Pride and Prejudice: Discussions and Reviews.


Source: Google images.

First, let me apologize, for I haven’t yet finished reading. I’ve been surfing through a mental mayhem because of NaNoWriMo. And yet I promise to finish this book soon, and until I can provide my review, you gotta tell me…

– How did you experience the book?

– Would you describe the book as a “page-turner”?

– Themes and symbols, were they meaningful?

– Any inspiring quotes or characters?

– I Anything you didn’t like, disagreed with?

– How did you find the end?

– Has this book added anything to you, changed you in any way?

** Questions inspired from LitLovers.com.

Nancy says:

Probably one of my favourite books of all time. I don’t even know why.

Jane Austen could get a little carried away in her description but she understood people. She understood the way people thought and loved made their decisions. Her characters bounce off the pages; even the secondary characters.

To the end, I wasn’t sure where the lovers would wind up, and that’s nice. Romance novels are hardly unpredictable, though a mixture of good style, interesting characters and just the right amount of suspense can keep you absorbed.

I especially loved the contrast between Elizabeth and Charlotte Lucas. Charlotte succumbed to the social tension she had to endure as a single woman who wasn’t getting any younger, but Lizzy refused to settle for something less than what she thought she deserved or a man who couldn’t make her happy, regardless of the tension exhibited on her by her mother, sisters and society.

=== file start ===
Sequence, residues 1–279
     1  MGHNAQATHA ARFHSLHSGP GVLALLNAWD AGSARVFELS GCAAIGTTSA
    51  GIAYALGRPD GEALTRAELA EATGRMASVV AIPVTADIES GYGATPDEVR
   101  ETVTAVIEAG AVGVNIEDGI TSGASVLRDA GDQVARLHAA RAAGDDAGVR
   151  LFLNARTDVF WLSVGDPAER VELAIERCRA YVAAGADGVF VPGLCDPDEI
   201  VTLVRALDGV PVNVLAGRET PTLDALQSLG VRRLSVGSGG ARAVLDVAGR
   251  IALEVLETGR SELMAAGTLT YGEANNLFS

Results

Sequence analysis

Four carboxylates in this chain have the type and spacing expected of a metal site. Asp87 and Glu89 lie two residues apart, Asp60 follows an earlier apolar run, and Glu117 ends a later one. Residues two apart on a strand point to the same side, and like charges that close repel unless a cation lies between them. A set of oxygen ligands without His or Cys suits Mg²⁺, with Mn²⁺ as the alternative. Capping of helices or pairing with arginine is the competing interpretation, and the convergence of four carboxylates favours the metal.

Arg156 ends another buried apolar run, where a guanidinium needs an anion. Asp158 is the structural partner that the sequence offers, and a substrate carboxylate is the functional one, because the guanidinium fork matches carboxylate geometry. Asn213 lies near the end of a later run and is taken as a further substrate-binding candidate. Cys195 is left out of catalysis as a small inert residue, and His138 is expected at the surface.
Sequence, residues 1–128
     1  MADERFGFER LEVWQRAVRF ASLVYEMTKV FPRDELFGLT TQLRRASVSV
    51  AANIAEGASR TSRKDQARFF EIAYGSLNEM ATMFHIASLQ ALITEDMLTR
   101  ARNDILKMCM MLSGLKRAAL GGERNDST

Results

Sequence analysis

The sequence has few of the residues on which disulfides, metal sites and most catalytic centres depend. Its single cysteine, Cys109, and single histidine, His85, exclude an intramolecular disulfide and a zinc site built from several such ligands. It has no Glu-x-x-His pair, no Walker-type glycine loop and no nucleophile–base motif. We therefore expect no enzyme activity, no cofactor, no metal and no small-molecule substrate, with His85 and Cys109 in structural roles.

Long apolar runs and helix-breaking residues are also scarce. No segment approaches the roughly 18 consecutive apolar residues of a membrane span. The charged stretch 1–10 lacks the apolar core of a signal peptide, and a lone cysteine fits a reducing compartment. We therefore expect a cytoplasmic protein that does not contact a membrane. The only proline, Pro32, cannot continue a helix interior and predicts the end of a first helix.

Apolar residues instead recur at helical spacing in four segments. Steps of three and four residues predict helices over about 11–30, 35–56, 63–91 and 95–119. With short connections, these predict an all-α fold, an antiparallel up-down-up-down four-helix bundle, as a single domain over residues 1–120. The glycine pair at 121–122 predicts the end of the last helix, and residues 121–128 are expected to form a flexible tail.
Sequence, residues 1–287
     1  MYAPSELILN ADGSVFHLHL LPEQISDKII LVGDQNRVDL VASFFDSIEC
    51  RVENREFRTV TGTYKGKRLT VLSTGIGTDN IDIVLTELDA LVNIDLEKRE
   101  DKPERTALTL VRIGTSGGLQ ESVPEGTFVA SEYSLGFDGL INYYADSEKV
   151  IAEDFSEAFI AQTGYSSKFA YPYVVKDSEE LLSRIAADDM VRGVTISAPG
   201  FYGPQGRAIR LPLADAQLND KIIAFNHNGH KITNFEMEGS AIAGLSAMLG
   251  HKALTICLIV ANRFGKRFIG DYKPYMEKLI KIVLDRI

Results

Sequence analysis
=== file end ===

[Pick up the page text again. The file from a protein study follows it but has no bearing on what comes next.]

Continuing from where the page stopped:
Then there’s the blind, foolish attraction between irrational youths like Lydia and Wickham. Austen distinguished that from the innocent love of Charles Bingley and Jane, who were public in their affection, all for the world to see.

These are characters that lived in New England and still live today, personalities and mentalities that endure throughout the ages, which is why Pride and Prejudice will live on while most modern romance literature will be buried under the dust of time, and thus Jane Austen demonstrates her ingenuity.

And Amanda says:

I listened to Pride and Prejudice on an audiobook site. It was narrated by a variety of people but I was so into the story I didn’t even notice. I loved it, the details really let you just disappear into the story. I also watched the TV mini series and I was just as hooked. I can’t believe it took me so long to get around to this story!

There were plenty of meaningful themes throughout, ranging from societal behavior to relationships.

My favorite quote from Pride and Prejudice would have to be “It is particularly incumbent on those who never change their opinion, to be secure of judging properly at first.”

Of course my mind rebelled a bit against women and girls being treated as lesser, and how this time did not encourage love so much as it did societal security and advancement.

I loved the ending. It was exactly how I wanted it to end but I hate to wait it out, agonizingly, along with the characters.

I feel like a came away with a stronger love of classical literature. There is an eloquent beauty in it that we don’t see very often today.